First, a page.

RAYTOWN – Tithing is giving with training wheels on. Take the limitations away and God will reveal what a heart of generosity really looks like.
Brandon Park found himself digging for change underneath the floor mat of his car when that message finally sank in.
“Generosity has always been difficult for me,” said Park, lead pastor at Connection Point Church here. “I’ve always been an obedient tither; writing that check down to the penny, exactly what was expected of me.”
But the more he studied the Bible’s teaching on generosity—particularly the New Testament and its pattern of extravagant giving, the more God challenged him to grow in this area.
“God began leading me to give away everything that I could touch; everything I could easily get my hands on,” Park said.
He emptied savings accounts and cashed out single stocks. He searched his house and vehicle for every spare penny in order to surrender it, and soon Park’s understanding of money began to change.
“I’m not saying everyone should do that—I gave what I knew God wanted me to,” he said. “He knew money had had such a grip on me for so long. However, I know I’m not alone in this. Our finances are often one of the last areas of growth in our walk with God. While speech and conduct change, surrendering the wallet and paycheck, that seems to lag behind.”
In a recent Connection Point sermon series based on his book, The Five Essentials of Life: Developing a plan for personal growth in the areas that matter most, Park talked about Biblical stewardship, including building wealth and generosity.
“Christians seldom ever talk about the Bible’s principles on building wealth because they don’t want to be associated with ‘prosperity theology,’” Park said. “However, we do ourselves and out churches a great disservice by ignoring what the Bible teaches about our wealth.”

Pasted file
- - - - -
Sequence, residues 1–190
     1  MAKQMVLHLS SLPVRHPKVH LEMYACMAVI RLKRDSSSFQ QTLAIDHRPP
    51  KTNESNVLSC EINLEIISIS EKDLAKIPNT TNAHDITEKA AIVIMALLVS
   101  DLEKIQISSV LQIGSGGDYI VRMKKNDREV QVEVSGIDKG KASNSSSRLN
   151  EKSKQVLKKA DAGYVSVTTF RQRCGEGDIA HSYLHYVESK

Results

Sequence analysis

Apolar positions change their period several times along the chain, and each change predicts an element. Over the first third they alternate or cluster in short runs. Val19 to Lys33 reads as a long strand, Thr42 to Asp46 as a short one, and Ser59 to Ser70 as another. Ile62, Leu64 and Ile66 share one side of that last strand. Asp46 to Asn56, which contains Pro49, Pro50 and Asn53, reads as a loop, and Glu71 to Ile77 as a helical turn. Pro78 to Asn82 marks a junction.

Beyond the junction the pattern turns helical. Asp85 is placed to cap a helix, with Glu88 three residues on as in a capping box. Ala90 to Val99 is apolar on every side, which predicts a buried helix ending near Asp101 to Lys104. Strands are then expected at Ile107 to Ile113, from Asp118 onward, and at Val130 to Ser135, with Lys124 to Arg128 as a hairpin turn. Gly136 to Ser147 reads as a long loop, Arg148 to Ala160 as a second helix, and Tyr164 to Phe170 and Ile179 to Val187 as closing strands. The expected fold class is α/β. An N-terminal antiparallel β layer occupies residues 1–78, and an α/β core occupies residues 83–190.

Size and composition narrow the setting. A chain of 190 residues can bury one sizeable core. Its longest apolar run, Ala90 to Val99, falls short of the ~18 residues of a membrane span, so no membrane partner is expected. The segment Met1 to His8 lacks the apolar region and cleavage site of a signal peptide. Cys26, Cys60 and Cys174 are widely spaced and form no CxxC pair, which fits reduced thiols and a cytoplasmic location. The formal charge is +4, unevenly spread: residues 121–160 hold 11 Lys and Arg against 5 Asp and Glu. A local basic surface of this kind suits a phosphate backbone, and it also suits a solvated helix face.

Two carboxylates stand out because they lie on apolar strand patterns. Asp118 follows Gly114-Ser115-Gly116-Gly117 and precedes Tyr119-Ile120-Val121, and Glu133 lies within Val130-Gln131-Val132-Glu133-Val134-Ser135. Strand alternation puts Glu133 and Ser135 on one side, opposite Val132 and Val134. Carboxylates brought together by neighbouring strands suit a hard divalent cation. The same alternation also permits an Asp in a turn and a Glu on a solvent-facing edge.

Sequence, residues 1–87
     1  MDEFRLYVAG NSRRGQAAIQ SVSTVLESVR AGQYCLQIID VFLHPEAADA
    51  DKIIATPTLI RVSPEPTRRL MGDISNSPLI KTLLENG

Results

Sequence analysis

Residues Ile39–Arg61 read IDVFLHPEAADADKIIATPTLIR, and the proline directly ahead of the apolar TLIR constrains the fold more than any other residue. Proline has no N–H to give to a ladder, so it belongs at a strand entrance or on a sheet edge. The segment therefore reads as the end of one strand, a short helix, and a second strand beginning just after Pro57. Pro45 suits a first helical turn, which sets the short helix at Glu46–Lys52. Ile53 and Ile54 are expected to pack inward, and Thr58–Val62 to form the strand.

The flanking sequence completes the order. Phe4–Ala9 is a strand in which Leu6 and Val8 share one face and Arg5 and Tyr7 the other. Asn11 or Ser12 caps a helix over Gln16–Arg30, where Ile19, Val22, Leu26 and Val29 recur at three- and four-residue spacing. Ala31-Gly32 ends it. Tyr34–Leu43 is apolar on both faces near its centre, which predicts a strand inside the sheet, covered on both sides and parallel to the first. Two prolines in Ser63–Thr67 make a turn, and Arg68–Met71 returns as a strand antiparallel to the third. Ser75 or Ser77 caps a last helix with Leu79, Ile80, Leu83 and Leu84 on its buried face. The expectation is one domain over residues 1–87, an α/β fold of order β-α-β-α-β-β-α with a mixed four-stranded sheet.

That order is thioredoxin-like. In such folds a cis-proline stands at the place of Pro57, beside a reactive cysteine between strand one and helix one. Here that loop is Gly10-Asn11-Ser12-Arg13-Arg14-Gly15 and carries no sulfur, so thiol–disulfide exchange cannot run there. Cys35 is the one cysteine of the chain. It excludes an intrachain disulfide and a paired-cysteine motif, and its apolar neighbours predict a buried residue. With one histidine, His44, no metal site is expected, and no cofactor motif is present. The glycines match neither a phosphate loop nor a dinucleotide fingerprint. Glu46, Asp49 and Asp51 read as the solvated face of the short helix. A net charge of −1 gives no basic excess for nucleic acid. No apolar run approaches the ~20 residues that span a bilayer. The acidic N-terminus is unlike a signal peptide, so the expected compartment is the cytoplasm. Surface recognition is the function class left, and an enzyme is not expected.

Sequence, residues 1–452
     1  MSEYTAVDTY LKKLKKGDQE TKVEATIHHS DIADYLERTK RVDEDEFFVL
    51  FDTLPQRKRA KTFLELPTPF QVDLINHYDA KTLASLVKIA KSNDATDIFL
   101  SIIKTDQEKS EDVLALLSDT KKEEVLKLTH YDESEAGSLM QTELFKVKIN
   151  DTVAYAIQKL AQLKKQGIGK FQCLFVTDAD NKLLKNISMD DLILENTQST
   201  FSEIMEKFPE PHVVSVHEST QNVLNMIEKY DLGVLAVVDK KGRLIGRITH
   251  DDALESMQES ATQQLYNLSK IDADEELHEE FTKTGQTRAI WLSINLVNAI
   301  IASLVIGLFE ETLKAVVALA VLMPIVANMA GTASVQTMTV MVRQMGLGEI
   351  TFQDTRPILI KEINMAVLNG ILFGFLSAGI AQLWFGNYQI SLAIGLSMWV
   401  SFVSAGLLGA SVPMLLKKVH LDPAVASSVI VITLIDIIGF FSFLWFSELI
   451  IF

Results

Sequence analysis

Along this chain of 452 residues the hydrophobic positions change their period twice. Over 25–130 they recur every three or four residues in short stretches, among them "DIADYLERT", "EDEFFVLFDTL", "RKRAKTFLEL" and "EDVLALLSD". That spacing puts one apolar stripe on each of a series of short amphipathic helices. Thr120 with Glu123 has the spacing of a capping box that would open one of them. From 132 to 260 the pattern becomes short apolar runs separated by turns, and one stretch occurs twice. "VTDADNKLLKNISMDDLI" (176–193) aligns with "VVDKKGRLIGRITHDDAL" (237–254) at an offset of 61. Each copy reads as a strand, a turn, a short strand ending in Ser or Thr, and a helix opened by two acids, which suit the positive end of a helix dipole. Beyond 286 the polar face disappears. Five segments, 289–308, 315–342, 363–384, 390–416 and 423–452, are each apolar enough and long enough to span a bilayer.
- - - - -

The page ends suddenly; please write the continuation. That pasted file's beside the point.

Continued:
Park said the first misunderstanding that must be replaced with Biblical truth is the myth that having great wealth and material possessions is somehow evil or wrong.
“Making money is not evil; it’s the love of money that’s the root of all kinds of evil,” Park said. “Making money is actually a godly thing. Working hard and making good investment choices honors the Lord. We need to be emphasizing to our churches that there is no area of your life that your faith doesn’t touch, this includes how you work, spend, give and save.”
As stewards, or managers, of the resources God has provided (whether a lot or a little), it is imperative that Christ-followers take the calling seriously. Park outlined four biblical financial truths that believers should understand: contentment, debt reduction, wealth building, and generosity. He said the greatest financial principle discussed throughout Scripture is contentment.
“Contentment occurs when your earning power is greater than your yearning power,” Park said. “In other words, don’t spoil what you have by desiring what you have not.”
Financial guru Dave Ramsey calls it “acting your wage,” but contentment is simply living within the financial limitations (everybody’s got them) God has set.
Neil Franks, president of the Missouri Baptist Foundation, said that unfortunately, it’s the spirit of discontentment that has caused Christians to get sucked into the world’s way. Consumption has become overvalued compared to production.